It was very popular during the 30s to advertise creations of Soviet Socialist system: achievements of Soviet aviation (films showing the flight of pilots V. Chkalov, G. Gaidukov and A.Beliakov from USSR to USA through the North Pole); car races (for example, film "Moscow - Cara-Cum - Moscow" by cameramen E. Tisse, R. Karmen, M. Gomorov, 1930); polar exhibitions (the most popular was film "Cheluskin" by J. Poselsky, 1934 about the rescuing of the ship "Cheluskin", crushed by Arctic ice.)
Very popular during Soviet time were newsreels which had interesting depictions of Soviet society. All together the Archive keeps more than 60 newsreels titles from 1919 to 1985, which came from different regions of the country. Among them: "SCJ" - Sous Cino Journal - mute [1925-1944] and sound [1931-1944], "News of the Day" [1944-1983]. There were special newsreels for kids - "Little Star" (1936-1938), "Young Pioneers" [1931-1985]; newsreels about Soviet Army (one of them - "Soviet Soldier" [1961-1985]; newsreels devoted to technical news ("Science and Technique" [1931-1935]), newsreels of different trade associations, such as "Soviet Village", (mute [1929-1938] and sound [1936-1938] or "Railway Man" [1936-1941].
Soviet cameramen also filmed the "hot spots of the world". By this method many well known documentaries were made: "Shanghai Document" (filmmaker J Bliokh. 1928); "Abyssinia" (1936). The Archive keeps the 20 newsreel series " The Spanish events". There is 40,000 meters of footage by R. Carmen and B. Makaseev showing the Civil War in Spain - battles, bombardment of Madrid, etc. The most impressive sequences were used in the full-length film "Spain" by E. Shub. (1939).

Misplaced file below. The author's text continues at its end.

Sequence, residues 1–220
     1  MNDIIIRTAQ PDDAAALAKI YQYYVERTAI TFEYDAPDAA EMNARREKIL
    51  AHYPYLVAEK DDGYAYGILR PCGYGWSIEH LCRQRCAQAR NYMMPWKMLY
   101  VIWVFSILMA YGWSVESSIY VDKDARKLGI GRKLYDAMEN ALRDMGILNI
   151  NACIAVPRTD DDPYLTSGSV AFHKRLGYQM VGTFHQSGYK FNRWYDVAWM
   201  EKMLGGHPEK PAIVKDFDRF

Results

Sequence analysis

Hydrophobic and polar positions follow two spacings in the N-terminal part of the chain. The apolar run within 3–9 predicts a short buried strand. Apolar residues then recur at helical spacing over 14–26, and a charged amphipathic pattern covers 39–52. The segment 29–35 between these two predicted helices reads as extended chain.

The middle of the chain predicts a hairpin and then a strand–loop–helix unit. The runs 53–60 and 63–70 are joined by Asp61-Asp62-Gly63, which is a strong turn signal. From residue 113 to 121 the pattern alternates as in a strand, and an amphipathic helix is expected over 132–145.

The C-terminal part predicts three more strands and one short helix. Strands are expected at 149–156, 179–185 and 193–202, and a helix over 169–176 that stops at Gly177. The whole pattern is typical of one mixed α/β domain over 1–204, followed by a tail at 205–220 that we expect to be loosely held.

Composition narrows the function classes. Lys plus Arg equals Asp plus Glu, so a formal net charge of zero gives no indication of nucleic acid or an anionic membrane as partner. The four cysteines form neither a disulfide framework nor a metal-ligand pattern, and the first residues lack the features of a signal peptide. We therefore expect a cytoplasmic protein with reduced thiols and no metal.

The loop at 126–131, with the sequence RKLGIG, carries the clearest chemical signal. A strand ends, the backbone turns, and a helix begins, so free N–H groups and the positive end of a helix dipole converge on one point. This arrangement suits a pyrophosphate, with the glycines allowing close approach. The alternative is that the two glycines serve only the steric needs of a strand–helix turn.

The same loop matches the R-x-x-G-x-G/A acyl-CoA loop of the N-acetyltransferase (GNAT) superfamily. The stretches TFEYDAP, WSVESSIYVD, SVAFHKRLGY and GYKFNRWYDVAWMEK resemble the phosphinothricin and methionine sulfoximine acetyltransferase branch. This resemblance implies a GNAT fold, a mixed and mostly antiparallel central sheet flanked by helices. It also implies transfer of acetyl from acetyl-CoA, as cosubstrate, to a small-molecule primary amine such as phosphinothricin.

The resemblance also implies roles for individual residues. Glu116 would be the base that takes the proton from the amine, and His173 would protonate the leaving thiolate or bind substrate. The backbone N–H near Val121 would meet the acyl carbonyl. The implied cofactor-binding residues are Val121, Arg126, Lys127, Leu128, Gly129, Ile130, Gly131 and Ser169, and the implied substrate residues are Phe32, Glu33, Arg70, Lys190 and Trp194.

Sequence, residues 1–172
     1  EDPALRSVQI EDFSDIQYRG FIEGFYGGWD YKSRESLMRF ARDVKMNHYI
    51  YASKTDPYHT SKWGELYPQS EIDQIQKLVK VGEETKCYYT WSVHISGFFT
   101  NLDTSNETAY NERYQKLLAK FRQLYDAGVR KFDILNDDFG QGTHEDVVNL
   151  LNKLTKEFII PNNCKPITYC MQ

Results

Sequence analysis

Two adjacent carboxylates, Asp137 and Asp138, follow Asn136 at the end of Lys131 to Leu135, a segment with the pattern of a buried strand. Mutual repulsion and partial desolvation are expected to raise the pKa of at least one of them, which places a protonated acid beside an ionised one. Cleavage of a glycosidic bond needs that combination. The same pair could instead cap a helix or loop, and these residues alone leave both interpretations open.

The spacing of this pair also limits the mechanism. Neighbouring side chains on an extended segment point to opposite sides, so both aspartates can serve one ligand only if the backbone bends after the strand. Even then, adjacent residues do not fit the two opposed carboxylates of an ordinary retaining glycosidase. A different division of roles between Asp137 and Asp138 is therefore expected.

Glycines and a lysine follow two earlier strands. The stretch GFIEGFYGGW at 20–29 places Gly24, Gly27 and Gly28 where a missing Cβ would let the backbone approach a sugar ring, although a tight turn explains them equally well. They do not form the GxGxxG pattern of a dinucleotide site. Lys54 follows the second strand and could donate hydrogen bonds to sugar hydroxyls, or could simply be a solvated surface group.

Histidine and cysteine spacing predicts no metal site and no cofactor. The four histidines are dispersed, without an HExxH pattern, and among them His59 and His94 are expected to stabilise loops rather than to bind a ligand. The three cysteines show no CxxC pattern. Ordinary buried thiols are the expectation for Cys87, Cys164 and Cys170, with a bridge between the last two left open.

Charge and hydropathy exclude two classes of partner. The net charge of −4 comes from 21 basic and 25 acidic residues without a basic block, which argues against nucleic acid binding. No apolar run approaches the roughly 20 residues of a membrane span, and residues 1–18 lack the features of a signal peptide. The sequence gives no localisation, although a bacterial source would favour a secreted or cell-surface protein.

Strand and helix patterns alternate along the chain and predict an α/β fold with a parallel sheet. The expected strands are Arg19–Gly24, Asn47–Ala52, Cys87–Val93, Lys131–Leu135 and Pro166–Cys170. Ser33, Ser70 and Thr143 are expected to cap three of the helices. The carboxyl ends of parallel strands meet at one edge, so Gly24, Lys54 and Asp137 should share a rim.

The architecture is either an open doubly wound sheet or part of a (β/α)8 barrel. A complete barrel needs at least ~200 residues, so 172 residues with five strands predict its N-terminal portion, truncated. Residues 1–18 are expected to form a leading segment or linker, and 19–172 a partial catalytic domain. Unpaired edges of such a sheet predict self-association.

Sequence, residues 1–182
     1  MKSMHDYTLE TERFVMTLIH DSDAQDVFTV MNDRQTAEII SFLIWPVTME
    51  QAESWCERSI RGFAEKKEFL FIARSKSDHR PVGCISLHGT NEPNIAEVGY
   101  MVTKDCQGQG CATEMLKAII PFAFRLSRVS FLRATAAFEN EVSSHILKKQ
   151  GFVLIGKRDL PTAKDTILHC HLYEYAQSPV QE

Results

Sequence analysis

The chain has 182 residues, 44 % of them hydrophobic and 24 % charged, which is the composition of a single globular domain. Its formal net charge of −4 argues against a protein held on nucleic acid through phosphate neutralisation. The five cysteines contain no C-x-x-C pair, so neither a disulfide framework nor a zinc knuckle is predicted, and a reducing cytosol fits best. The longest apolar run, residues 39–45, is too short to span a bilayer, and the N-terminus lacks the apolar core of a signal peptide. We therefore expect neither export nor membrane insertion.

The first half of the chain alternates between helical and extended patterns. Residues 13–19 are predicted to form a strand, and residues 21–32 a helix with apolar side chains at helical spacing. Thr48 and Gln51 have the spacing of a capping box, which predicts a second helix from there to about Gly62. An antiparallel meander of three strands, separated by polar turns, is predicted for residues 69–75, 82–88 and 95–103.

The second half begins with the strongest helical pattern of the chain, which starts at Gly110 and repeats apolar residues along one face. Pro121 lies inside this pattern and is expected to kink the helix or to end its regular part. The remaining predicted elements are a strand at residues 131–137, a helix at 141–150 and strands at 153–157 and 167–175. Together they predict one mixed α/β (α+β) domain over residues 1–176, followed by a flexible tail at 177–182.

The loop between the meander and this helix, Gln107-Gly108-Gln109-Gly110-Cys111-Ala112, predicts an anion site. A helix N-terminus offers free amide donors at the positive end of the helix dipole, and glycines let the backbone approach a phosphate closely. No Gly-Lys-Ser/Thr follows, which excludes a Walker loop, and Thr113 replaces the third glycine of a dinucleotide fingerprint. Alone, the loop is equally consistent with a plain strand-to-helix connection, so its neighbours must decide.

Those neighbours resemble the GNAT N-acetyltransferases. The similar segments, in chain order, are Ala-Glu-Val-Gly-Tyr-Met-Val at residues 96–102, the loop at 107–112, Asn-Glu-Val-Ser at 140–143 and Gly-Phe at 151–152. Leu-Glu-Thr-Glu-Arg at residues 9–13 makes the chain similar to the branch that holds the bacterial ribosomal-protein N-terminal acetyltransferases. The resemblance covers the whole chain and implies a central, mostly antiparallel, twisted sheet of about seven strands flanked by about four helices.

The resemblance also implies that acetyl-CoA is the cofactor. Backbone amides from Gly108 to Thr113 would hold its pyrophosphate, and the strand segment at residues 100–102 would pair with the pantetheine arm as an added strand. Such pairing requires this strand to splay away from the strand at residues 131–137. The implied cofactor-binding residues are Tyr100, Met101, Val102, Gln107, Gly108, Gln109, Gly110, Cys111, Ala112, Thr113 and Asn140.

A special place in Archive collection belongs to the documentaries of the period of World War II - newsreels, full-length films, made during and after the war. The total footage of 80,000 meters ( filmed by more than 200 front cameramen) - sequances of bitter losses and happy victories, great battles - of Moscow and Stalingrad, the Kursk Bulge, capture of Berlin; tragic sequances of destroyed towns and villages; the horror of concentration camps.
As early as February 18, 1942 the full-length film "The Crushing of Germans in the environs of Moscow" about the first serious defeat of the Germans arrived (filmmakers L. Varlamov and I. Kopalin). This film was considered to be the best documentary of the year (1942) by the American Academy of Cinematographic Art.
The cameramen worked on all fronts from the North Sea to the Black Sea; some of their films are: "69s Parallel" (1942) about sailor of the North Fleet, "Sailors of the Black Sea Fleet" (1942) about defenders of Odessa and Sevastopol.
15 cameramen filmed the great battle of Stalingrad between August and February 1943. Many of their sequences were included in the film "Stalingrad" (filmmaker L. Varlamov, 1943 ), where one can follow the battle from the beginning to the end.